Agricultural Research Service (ARS) scientists have reported that the newly developed low-phytate breeding lines of wheat have been found to produce flour with 25% more magnesium than commercial varieties.
Edward J. Souza, research leader of the ARS Soft Wheat Quality Research Unit at Wooster, Ohio and colleagues Mary J. Guitteri and Karen M. Peterson at the University of Idaho Research and Extension Center in Aberdeen, selected the low-phytate lines from greenhouse tests.
Varying amounts of magnesium, phosphorus, zinc and other minerals occur naturally in wheat kernels. Now, the flours made from these new wheat lines have more magnesium in them and also lower levels of phytic acid, which may increase the magnesium's bioavailablity, or capacity for uptake and use by people and animals.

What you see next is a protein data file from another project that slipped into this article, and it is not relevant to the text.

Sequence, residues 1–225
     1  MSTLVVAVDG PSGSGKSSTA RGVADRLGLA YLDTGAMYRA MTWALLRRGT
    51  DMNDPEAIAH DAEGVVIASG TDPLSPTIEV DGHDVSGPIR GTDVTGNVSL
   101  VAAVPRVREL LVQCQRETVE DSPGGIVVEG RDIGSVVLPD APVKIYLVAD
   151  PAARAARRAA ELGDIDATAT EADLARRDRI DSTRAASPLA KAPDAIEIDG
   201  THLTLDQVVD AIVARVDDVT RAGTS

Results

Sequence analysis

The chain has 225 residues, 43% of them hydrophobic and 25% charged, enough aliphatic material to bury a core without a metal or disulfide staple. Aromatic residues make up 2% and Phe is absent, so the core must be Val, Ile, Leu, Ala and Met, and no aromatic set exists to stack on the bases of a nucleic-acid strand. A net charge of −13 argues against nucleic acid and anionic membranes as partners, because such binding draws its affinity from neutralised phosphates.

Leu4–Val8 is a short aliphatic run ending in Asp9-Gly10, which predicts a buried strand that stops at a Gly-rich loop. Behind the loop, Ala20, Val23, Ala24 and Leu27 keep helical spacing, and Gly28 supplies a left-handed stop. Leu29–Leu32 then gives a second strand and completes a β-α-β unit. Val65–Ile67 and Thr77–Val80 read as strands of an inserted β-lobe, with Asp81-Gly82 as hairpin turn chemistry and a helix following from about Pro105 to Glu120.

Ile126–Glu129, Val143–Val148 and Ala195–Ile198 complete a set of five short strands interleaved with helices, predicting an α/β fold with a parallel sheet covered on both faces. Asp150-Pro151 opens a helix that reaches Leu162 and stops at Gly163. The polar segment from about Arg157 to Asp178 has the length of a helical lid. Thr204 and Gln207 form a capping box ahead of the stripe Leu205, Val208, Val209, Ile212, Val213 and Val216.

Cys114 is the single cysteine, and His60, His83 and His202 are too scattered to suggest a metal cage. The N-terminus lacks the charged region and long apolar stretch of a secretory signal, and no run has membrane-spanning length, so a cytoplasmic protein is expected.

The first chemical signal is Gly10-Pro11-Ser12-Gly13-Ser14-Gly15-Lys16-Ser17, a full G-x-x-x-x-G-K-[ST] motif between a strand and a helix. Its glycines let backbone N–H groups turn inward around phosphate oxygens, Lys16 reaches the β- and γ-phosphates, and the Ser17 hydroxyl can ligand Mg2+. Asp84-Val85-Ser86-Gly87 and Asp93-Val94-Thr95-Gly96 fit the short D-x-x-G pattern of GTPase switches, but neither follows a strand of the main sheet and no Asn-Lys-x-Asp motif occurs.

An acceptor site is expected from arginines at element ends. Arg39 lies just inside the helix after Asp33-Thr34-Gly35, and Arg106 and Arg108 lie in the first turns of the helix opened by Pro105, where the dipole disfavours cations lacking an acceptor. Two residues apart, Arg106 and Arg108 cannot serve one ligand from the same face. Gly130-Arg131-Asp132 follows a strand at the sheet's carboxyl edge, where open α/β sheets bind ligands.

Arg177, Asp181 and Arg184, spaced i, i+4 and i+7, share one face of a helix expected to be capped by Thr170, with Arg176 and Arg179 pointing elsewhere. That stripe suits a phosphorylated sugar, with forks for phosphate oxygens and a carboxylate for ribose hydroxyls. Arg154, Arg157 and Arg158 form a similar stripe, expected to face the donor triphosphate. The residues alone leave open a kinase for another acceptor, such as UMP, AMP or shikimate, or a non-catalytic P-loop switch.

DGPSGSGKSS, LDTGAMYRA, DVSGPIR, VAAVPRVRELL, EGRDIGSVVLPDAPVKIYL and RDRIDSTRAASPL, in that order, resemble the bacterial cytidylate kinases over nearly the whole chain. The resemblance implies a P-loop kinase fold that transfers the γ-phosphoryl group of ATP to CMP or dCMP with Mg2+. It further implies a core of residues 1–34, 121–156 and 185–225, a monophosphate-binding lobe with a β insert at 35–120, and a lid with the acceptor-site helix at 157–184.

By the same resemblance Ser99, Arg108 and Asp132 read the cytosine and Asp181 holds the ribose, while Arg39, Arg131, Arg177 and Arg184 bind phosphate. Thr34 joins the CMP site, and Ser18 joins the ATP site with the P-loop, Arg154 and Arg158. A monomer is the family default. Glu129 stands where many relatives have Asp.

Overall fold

The researchers evaluated the low-phytate plants in field trials for two years. Since the new wheat lines have a different distribution of essential minerals, with more in the inner germ than in the outer bran, the flour made from them tends to be more nutritional, whether it is refined or whole-wheat.
Magnesium deficiency has been linked to development of osteoporosis and Type 2 diabetes, both of which are on the rise in US. Although magnesium deficiency is rare in North America, a high phytate content in grains and the loss of the magnesium in grains' outer coat (bran) that's removed during processing reduce the amount available in the diet.
Magnesium isn't usually added to refined flours, so breeding wheat varieties that could add magnesium to American diets would be a natural way to reinforce flours.